Advanced aluminium alloys
The previous article (Pin Critical) on Advanced Metals last month continued on the subject of titanium alloys. This month, we shall look in more detail at some of the more exotic aluminium alloys which are available, following on from a previous article in this vein.
Whilst in some applications, a low modulus material is very useful (fasteners for example can benefit from having a low elastic modulus), in many of the applications where aluminium is used, high stiffness would be a useful benefit to the designer. Most aluminium alloys have a modulus of around 70 GPa (10,000,000 psi), which is approximately one third of the elastic modulus of steel. Without resort to the addition of particulates to the material i.e. powder reinforced metal-matrix composites, there are commercially available materials used in other industries which offer a substantial advantage over conventional aluminium alloys in terms of stiffness.
Again, some engineers (Formula One again) are limited by the ‘glass walls’ imposed by regulations. The regulation which applies here is that limiting specific modulus of elasticity to be less than 40 GPa / (g/cc). This specific modulus is the ratio of elastic modulus to density. We would typically be comfortably within this limit. As examples, 7075 and 6061 both have a specific modulus of 25.5 GPa / (g/cc), and this is typical for conventional alloys.
By specifically increasing the content of certain elements, it is possible to create aluminium alloys with a specific stiffness far exceeding those typical values. The methods of processing these special alloys are very different to those generally used, with incredibly high rates of cooling used to promote a very unusual material microstructure. One particular example produced in Europe, which is commercially available to all of us, has a specific stiffness of 53.3; this being comfortably more than twice the typical value. However, in Formula One, engineers cannot use this. There are though several alloys which fall below the mandated limit which would be of interest to Formula One engine design engineers, some of which are also blessed with high-temperature capabilities, making them possible replacements for alloys such as 2618 in some applications.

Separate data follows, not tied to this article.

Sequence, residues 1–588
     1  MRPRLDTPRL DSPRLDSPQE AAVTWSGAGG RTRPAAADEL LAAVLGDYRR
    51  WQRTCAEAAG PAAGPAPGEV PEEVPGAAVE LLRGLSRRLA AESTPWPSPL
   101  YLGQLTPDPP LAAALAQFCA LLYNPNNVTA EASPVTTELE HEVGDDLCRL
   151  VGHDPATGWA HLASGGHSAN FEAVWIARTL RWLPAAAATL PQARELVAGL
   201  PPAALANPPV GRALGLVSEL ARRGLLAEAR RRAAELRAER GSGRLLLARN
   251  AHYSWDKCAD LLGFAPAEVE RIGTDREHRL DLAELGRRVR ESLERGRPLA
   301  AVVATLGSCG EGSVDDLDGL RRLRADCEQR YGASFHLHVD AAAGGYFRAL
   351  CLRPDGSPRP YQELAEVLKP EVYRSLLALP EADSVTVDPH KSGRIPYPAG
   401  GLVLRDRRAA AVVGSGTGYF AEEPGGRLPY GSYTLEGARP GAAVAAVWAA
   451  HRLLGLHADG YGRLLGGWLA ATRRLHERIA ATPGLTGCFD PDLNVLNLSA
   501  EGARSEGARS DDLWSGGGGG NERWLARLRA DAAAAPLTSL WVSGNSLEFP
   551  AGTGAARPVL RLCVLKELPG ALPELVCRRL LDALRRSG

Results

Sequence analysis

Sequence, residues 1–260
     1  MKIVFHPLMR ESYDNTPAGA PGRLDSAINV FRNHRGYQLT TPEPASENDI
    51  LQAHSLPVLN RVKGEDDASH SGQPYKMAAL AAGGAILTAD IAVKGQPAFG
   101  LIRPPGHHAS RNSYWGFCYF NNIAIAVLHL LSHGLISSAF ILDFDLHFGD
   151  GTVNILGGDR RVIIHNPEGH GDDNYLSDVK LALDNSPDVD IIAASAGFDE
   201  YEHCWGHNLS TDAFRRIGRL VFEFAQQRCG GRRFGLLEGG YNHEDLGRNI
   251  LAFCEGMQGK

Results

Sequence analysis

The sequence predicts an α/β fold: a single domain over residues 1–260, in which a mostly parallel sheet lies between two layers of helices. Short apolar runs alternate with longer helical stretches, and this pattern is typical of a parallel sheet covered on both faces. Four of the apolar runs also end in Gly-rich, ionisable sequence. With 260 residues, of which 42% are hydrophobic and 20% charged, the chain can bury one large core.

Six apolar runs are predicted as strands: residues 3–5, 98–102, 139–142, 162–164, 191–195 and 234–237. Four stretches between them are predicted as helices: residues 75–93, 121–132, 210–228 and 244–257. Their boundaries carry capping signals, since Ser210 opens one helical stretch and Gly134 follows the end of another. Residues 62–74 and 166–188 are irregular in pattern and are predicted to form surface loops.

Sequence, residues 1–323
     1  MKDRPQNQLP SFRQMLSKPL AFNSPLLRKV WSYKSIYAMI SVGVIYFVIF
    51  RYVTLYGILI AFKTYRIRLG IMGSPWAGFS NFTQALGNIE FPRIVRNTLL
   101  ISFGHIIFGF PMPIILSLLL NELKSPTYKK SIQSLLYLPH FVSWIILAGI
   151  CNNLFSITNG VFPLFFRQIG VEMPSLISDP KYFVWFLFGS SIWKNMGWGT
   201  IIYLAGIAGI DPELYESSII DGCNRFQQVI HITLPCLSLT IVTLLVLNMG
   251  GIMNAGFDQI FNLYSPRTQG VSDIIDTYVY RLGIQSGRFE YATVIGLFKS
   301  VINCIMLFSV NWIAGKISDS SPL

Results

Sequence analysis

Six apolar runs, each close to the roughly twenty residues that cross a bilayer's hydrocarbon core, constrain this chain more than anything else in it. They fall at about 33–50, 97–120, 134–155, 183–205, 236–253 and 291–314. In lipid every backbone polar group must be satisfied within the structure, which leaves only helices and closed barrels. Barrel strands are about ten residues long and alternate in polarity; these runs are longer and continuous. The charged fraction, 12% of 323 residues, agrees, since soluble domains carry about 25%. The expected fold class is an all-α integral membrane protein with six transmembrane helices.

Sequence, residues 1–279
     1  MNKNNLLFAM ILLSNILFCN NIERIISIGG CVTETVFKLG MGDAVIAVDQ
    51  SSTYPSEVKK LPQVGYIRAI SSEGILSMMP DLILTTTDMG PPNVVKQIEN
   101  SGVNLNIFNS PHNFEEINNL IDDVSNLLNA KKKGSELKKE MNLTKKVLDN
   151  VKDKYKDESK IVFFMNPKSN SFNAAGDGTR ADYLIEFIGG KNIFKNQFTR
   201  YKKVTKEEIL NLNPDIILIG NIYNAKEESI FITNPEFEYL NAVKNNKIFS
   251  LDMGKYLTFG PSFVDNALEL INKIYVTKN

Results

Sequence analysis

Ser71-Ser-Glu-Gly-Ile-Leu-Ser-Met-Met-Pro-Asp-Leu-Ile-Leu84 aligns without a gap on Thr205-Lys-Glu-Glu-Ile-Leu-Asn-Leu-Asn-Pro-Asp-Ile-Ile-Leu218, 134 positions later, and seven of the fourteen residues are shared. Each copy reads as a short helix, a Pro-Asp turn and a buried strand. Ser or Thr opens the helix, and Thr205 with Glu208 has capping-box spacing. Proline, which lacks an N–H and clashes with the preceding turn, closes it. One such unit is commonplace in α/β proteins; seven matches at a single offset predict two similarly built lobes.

So, what are the disadvantages of these alloys in terms of their mechanical properties? Many of them suffer from low ductility. Whilst ductility is a property associated with plastic deformation, it is of significance to those of us aiming to design parts which we believe to operate in the elastic region of the load deformation curve. Where there is contact, we often require the material to have a certain amount of ductility to allow the contact to conform slightly, especially at the edges of highly-loaded contact regions. Where ductility is too low, lack of ductility can lead to cracking and consequently low fatigue life. If we aim to introduce these alloys, we have to design our contact areas pretty carefully. As an example, alloys of this type often have less than 3% elongation, and in some cases around 1%. Sometimes, although not always, these materials can suffer from low tensile and fatigue strength. However, some of these materials display high tensile strength and exceptional fatigue strength compared to standard alloys. Experimental very highly alloyed aluminium alloys produced only in extremely small quantities, by the same methods as the high-stiffness alloys above, have recorded fracture strengths approaching 1500 MPa (215 ksi)i
There are many applications within the racing engine where these alloys could be employed and they will doubtless become more popular as time goes on. The only limits at the moment are the availability of materials in sufficient quantities or in suitable sizes and the price, which is high in comparison with conventionally-processed alloys.
Written by Wayne Ward.